Protesters Demand Overhaul of National Testing Agency Amid NEET Paper Leak Controversies

Amid widespread allegations of exam irregularities and paper leaks, a large number of protesters gathered to demand major changes in the National Testing Agency (NTA). They are calling for the dissolution of the NTA and the resignation of the education minister, expressing serious concerns over the integrity and management of national exams like NEET. This has sparked significant legal and public scrutiny, highlighting the urgent need for reform in the examination system.

Protesters Storm NTA Office:

Scores of demonstrators swarmed the National Testing Agency (NTA) office on Thursday, voicing demands for a complete overhaul of the agency amidst escalating controversies surrounding the NEET paper leak. Earlier in the day, protesters gathered at Jantar Mantar to stage a demonstration against alleged exam irregularities.

Indefinite Strike and Arrests:

Protesters, including members of the National Students’ Union of India (NSUI) and various leftist student organizations such as AISA, KYS, BsCEM, and DISHA, initiated an indefinite strike. They demanded the dissolution of the NTA and called for the resignation of Education Minister Dharmendra Pradhan. The police intervened to halt the protests, detaining several students in the process.

Legal Action Against NTA:

The Delhi High Court has sought a response from the NTA regarding a petition filed by a NEET candidate. The petitioner alleged that an ‘out of syllabus’ question on radioactivity appeared in the exam and also claimed errors in the answers provided by the NTA. The court has given the NTA two weeks to file a response.

Congress Criticism and Staffing Concerns:

Congress leader Ajoy Kumar raised concerns about the NTA’s operational capacity, pointing out that it employs fewer than 25 permanent staff yet is responsible for conducting over two dozen major exams, including the highly competitive NEET UG. Kumar accused the government of jeopardizing students’ futures by overburdening the under-resourced agency.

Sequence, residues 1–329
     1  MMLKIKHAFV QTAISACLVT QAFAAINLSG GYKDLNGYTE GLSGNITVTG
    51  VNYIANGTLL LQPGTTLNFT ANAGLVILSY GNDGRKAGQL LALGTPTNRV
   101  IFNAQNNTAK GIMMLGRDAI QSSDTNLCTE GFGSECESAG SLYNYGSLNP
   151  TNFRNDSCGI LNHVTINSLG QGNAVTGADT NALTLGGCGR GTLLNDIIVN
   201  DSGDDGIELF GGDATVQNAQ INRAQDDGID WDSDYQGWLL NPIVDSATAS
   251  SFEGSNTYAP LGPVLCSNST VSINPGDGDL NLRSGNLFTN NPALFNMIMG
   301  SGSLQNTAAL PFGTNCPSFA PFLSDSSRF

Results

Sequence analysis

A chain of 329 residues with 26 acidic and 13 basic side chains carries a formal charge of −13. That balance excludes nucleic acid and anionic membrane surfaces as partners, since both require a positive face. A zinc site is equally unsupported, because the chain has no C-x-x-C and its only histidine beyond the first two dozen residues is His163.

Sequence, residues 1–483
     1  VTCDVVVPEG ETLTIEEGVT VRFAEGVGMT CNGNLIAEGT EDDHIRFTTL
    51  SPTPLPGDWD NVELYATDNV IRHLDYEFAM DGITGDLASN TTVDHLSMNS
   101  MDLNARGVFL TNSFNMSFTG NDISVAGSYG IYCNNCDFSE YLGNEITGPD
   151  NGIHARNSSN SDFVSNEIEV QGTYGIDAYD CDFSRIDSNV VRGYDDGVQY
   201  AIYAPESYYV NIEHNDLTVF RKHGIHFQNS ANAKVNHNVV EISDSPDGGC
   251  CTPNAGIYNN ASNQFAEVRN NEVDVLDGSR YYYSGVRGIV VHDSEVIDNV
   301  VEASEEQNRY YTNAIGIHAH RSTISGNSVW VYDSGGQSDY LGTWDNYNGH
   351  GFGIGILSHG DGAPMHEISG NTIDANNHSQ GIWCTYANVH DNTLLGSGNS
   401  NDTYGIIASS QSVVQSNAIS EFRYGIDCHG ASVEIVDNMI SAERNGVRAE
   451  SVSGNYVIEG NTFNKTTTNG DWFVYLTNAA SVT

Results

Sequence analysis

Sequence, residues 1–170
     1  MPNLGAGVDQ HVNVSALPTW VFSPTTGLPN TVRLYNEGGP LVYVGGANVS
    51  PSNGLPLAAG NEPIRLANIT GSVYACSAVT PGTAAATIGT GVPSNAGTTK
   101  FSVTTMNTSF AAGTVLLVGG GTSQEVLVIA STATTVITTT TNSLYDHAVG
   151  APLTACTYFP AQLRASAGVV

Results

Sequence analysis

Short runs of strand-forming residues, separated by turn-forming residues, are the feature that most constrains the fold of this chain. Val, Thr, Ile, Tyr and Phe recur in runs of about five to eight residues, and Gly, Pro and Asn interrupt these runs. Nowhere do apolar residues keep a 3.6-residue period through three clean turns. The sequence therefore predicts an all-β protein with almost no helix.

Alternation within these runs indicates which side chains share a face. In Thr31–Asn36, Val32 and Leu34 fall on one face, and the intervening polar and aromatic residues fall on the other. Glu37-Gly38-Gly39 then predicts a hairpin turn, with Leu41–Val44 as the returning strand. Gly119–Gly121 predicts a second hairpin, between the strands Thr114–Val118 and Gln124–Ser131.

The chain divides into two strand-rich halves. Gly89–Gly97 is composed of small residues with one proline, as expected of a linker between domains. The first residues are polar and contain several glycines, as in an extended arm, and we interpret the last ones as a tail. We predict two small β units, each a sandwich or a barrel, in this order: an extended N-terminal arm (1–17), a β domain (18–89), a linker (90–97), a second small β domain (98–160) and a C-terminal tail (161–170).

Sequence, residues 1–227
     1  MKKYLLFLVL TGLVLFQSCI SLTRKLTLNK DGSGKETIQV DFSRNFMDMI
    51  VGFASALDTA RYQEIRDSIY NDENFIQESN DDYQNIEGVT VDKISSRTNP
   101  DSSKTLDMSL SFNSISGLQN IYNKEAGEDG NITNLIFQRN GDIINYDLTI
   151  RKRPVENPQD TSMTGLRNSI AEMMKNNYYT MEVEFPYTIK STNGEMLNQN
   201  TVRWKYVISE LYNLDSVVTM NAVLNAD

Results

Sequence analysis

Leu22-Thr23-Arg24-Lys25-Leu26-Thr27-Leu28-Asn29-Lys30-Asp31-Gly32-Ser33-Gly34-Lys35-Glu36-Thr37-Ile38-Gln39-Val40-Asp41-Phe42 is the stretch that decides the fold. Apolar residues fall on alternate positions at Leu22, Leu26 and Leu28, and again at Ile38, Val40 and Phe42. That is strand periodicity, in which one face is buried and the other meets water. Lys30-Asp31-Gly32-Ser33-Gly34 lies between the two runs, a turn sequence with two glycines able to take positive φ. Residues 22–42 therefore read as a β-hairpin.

Dependence on Outsourcing:

Kumar highlighted that the NTA relies heavily on deputed employees and contractual staff, leading to the outsourcing of critical functions like paper setting and data security to private technical service providers. Former education administrators have echoed these concerns, noting the agency’s dependency on external experts due to a lack of in-house expertise.

NTA’s Structural Challenges:

The NTA, established in 2018 to function similarly to the Educational Testing Service (ETS) in the U.S., has faced criticism for its inadequate staffing. While ETS employs over 200 staff members, the NTA operates with a significantly smaller team. R. Subrahmanyam, former secretary of the education ministry’s higher education department, indicated that the NTA was intended to be a “lean, efficient entity” focused on online exams with credible technical partners.

 Potential Exam Security Vulnerabilities:

Despite outsourcing tasks like setting up test centers and securely transmitting question papers to technical partners with robust IT infrastructure, experts have raised concerns about potential vulnerabilities in the NTA’s operations. The shift from computer-based online tests to pen-and-paper exams has introduced additional risks, with question papers being printed at private presses, making them susceptible to leaks.

NEET UG Exam Controversy:

The NEET UG exam on May 5 saw participation from approximately 24 lakh candidates. However, allegations of question paper leaks in states like Bihar have marred the announcement of results on June 4. These controversies have intensified scrutiny of the NTA’s ability to effectively manage large-scale examinations.

Ministry’s Response to Irregularities:

The union education ministry recently attributed the alleged irregularities in both the NEET UG and the National Eligibility Test (NET) for PhD admissions and assistant professor recruitment to “institutional failure.” This acknowledgment has further fueled demands for a comprehensive review and reform of the NTA’s operations.

Future of the NTA:

As protests and legal challenges continue, the future of the NTA remains uncertain. The calls for structural changes and accountability reflect broader concerns about the integrity and effectiveness of India’s examination system. The ongoing controversy underscores the urgent need for reforms to restore confidence in the agency and ensure the fairness of national exams.

The pressure on the NTA to address these issues and implement reforms is mounting, as stakeholders across the board call for enhanced transparency and efficiency in the management of crucial national examinations.

(With inputs from agencies)

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